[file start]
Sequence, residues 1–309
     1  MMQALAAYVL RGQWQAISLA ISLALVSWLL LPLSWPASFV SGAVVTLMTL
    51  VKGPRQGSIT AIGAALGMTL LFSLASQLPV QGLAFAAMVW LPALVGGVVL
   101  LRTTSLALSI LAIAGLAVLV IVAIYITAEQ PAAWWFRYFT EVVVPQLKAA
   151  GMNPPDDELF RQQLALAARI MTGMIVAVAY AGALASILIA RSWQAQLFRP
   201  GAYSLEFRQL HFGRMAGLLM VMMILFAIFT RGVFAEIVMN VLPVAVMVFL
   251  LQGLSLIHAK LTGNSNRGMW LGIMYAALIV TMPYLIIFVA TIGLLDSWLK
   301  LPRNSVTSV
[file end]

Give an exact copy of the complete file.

Sequence, residues 1–309
     1  MMQALAAYVL RGQWQAISLA ISLALVSWLL LPLSWPASFV SGAVVTLMTL
    51  VKGPRQGSIT AIGAALGMTL LFSLASQLPV QGLAFAAMVW LPALVGGVVL
   101  LRTTSLALSI LAIAGLAVLV IVAIYITAEQ PAAWWFRYFT EVVVPQLKAA
   151  GMNPPDDELF RQQLALAARI MTGMIVAVAY AGALASILIA RSWQAQLFRP
   201  GAYSLEFRQL HFGRMAGLLM VMMILFAIFT RGVFAEIVMN VLPVAVMVFL
   251  LQGLSLIHAK LTGNSNRGMW LGIMYAALIV TMPYLIIFVA TIGLLDSWLK
   301  LPRNSVTSV